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Journal of Robotics
Volume 2011 (2011), Article ID 525724, 11 pages
http://dx.doi.org/10.1155/2011/525724
Research Article

Using Sun’s Java Real-Time System to Manage Behavior-Based Mobile Robot Controllers

1Department of Electrical and Computer Engineering, The University of Alabama, Tuscaloosa, AL 35487, USA
2Department of Computer Science, The University of Alabama, Tuscaloosa, AL 35487, USA

Received 7 May 2011; Revised 16 September 2011; Accepted 16 November 2011

Academic Editor: Yuan Zheng

Copyright © 2011 Andrew McKenzie et al. This is an open access article distributed under the Creative Commons Attribution License, which permits unrestricted use, distribution, and reproduction in any medium, provided the original work is properly cited.

Abstract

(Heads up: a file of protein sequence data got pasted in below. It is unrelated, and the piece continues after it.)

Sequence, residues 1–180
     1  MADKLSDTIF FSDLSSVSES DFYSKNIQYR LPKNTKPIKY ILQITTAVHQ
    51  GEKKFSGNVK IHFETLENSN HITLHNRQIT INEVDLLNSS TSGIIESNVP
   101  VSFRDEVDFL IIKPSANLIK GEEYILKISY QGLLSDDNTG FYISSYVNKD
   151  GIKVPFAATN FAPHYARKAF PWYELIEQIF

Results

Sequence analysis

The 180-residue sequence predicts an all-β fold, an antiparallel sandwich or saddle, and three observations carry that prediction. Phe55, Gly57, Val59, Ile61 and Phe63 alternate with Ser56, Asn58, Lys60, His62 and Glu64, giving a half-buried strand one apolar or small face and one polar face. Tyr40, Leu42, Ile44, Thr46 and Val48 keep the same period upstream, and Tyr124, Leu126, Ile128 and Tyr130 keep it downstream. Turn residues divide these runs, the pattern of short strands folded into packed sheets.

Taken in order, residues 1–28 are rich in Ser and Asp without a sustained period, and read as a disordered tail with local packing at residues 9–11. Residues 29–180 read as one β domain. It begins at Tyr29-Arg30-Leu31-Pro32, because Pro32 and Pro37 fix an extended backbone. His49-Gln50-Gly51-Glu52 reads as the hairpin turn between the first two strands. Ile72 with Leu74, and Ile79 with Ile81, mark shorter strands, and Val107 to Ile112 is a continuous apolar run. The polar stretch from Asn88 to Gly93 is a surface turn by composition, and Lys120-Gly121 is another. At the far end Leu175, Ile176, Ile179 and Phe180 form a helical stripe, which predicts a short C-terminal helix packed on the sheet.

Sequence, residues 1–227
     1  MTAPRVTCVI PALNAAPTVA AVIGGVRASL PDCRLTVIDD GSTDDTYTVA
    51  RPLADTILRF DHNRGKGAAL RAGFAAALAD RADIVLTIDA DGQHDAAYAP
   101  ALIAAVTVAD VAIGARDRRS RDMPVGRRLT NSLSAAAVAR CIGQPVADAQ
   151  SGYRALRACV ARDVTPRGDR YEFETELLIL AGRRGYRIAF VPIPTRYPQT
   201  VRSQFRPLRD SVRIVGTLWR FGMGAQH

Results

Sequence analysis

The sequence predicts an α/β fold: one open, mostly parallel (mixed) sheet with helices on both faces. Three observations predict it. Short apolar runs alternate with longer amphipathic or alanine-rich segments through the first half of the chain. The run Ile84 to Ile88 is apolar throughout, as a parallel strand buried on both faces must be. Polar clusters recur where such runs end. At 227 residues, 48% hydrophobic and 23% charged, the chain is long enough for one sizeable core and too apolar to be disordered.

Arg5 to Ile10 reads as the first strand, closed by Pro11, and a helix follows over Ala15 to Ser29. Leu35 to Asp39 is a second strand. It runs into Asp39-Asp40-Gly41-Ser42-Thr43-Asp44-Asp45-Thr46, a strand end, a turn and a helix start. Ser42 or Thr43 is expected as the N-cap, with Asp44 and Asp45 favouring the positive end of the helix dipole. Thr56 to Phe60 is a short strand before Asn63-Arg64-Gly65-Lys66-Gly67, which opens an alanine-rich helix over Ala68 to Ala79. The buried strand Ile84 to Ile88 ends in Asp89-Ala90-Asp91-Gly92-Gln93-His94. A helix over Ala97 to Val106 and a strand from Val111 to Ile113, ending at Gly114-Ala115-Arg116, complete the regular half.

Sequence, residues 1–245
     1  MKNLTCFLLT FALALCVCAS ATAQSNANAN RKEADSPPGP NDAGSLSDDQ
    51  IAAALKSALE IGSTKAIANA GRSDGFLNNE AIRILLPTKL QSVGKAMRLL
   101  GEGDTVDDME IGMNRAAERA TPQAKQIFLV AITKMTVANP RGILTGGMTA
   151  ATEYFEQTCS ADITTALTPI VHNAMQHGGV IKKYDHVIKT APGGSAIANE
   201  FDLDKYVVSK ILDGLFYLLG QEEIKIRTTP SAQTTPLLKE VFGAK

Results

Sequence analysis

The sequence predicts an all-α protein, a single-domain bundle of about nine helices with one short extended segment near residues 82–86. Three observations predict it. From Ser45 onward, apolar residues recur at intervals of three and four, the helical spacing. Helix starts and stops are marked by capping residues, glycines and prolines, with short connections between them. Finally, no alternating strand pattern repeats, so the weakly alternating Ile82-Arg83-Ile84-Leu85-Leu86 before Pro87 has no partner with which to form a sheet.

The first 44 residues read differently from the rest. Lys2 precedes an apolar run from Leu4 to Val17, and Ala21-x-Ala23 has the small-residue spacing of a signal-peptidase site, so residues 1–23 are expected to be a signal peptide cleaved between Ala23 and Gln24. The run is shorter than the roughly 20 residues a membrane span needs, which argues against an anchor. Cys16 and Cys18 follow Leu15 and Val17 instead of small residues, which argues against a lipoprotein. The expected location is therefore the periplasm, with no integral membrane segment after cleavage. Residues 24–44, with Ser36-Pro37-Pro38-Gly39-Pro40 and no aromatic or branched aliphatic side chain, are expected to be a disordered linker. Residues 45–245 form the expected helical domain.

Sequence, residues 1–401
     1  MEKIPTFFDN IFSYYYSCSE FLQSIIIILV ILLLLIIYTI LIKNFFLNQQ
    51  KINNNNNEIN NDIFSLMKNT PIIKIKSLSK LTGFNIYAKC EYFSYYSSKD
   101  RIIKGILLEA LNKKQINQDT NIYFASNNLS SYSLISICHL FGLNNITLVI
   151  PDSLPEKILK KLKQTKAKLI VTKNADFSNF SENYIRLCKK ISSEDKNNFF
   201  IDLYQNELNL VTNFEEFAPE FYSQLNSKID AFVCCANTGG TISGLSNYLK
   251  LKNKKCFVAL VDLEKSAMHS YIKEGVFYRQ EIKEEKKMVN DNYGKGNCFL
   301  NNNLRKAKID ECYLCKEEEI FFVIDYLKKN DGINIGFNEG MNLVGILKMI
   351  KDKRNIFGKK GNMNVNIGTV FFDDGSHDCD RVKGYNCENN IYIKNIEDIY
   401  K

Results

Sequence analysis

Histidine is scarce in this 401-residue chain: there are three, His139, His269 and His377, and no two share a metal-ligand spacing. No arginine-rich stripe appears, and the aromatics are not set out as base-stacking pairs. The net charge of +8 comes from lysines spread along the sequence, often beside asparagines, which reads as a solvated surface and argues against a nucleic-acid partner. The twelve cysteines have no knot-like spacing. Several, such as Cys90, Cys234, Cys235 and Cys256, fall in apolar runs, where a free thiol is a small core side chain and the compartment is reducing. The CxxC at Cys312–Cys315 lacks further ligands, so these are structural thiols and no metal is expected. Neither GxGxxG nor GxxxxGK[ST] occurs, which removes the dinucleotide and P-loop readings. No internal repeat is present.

Implementing a robot controller that can effectively manage limited resources in a deterministic, real-time manner is challenging. Behavior-based architectures that decompose autonomy into levels of intelligence are popular due to their robustness but do not provide real-time features that enforce timing constraints or support determinism. We propose an architecture and approach for using the real-time features of the Real-Time Specification for Java (RTSJ) in a behavior-based mobile robot controller to show that timing constraints affect performance. This is accomplished by extending a real-time aware architecture that explicitly enumerates timing requirements for each behavior. It is not enough to reduce latency. The usefulness of this approach is demonstrated via an implementation on Solaris 10 and the Sun Java Real-Time System (Java RTS). Experimental results are obtained using a K-team Koala robot performing path following with four composite behaviors. Experiments were conducted using several task period sets in three cases: real-time threads with the real-time garbage collector, real-time threads with the non- real-time garbage collector, and non-real-time threads with the non-real-time garbage collector. Results show that even if latency and determinism are improved, the timing of each individual behavior significantly affects task performance.